For every documented case of COVID-19 in the U.S., there are likely 10 more people who have been infected, the head of the Centers for Disease Control and Prevention (CDC) said Thursday.
That's according to CDC serological data that have been collected so far and are still begin refined, CDC Director Robert Redfield, M.D., said in a call with reporters.
"At the beginning, we were seeing diagnosed cases of individuals who presented in hospitals and emergency rooms and at nursing homes. We were selecting for symptomatic or higher risk groups … there wasn't a lot of testing of younger, asymptomatic individuals," Redfield said. "I think it's important for us to realize that we probably recognized about 10% of the outbreak by the methods that were used to diagnose between March, April and May. We're continuing to try to enhance surveillance systems for individuals that are asymptomatic, being able to the testing of asymptomatic infection more in real time."
While there is great variability nationwide, it appears between about 5% to 8% of the American public has been infected with the virus at this point, Redfield said.
That means many individuals across the nation are still susceptible to the virus, and some states' populations may be more susceptible than others at this point to virus because they have a lower antibody prevalence.
During the call, the CDC also announced it was clarifying information about which groups were most at risk for complications from COVID-19 based on emerging evidence. Older individuals are still considered at greatest risk, most likely because they are at greatest risk for having multiple underlying conditions, officials say.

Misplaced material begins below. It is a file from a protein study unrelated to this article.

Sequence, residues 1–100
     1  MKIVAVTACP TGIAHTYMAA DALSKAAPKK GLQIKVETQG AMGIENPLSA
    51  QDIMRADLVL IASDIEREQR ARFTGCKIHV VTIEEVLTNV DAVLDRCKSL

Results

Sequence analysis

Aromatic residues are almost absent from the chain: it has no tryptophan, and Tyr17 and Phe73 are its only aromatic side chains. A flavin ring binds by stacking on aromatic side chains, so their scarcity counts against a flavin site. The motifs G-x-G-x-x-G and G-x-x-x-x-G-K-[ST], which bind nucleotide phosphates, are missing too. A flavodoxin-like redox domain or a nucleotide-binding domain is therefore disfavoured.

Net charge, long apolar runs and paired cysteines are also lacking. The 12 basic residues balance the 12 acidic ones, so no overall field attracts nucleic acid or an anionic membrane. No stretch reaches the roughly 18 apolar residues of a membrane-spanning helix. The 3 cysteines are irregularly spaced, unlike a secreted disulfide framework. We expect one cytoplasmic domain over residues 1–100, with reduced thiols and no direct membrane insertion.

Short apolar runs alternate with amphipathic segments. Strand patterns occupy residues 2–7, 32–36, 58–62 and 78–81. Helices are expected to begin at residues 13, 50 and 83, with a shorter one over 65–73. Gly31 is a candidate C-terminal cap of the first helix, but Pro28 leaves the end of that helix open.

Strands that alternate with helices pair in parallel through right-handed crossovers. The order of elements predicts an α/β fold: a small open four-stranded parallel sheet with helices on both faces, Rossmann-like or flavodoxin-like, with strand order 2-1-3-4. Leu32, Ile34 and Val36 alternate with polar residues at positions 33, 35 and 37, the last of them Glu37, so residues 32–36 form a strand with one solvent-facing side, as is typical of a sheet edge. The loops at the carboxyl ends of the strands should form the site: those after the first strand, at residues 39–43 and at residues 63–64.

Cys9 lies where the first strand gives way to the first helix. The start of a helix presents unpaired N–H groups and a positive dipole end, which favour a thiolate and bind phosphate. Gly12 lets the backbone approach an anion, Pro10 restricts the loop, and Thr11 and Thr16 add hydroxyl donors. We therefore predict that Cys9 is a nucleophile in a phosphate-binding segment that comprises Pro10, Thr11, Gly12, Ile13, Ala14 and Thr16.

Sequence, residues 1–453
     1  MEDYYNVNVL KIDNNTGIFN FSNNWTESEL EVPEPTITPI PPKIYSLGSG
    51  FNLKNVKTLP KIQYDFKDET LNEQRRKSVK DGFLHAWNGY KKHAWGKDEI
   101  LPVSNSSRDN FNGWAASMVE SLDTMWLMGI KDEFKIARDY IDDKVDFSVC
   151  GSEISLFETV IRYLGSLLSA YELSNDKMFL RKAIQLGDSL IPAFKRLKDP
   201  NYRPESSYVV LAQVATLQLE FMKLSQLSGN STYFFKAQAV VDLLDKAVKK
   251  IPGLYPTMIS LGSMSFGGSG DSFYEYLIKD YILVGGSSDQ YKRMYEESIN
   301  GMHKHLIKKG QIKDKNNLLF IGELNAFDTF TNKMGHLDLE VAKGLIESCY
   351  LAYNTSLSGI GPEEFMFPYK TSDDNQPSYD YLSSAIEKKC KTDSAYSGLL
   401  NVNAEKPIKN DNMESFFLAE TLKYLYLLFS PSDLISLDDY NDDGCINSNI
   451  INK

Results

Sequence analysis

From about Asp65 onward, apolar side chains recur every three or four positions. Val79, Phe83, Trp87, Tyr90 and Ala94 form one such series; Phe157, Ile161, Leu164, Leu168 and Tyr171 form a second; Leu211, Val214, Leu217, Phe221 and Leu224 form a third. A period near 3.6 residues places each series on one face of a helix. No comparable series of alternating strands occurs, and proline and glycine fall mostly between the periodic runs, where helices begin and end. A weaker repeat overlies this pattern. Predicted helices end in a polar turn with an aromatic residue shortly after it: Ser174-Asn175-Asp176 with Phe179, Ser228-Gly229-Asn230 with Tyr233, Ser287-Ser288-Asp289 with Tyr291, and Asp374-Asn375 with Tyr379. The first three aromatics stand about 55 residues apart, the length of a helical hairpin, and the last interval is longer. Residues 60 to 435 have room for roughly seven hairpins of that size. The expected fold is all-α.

According to the CDC, the underlying conditions with the strongest evidence of higher risk include cardiovascular disease, chronic kidney disease, chronic obstructive pulmonary disease, obesity, immunosuppressing conditions or treatments, sickle cell disease, a history of organ transplant and Type 2 diabetes.
They also clarified the underlying conditions that might increase the risk of severe illness such as chronic lung diseases including severe asthma or cystic fibrosis, high blood pressure, a weakened immune system such as after a blood or bone marrow transplant, immune deficiency or neurological conditions such as dementia or a history of stroke, liver disease and pregnancy.
Officials said analysis of surveillance data showed pregnant women with COVID-19 were more likely to be admitted to the ICU and receive mechanical ventilation than non-pregnant women. However, they said, the available data do not appear to show pregnant women are at higher risk of death from COVID-19.
"We are collecting additional information and are working to find out if COVID-19 is associated with pregnancy complications," said Jay Butler, M.D., the CDC's incident manager, said on the call.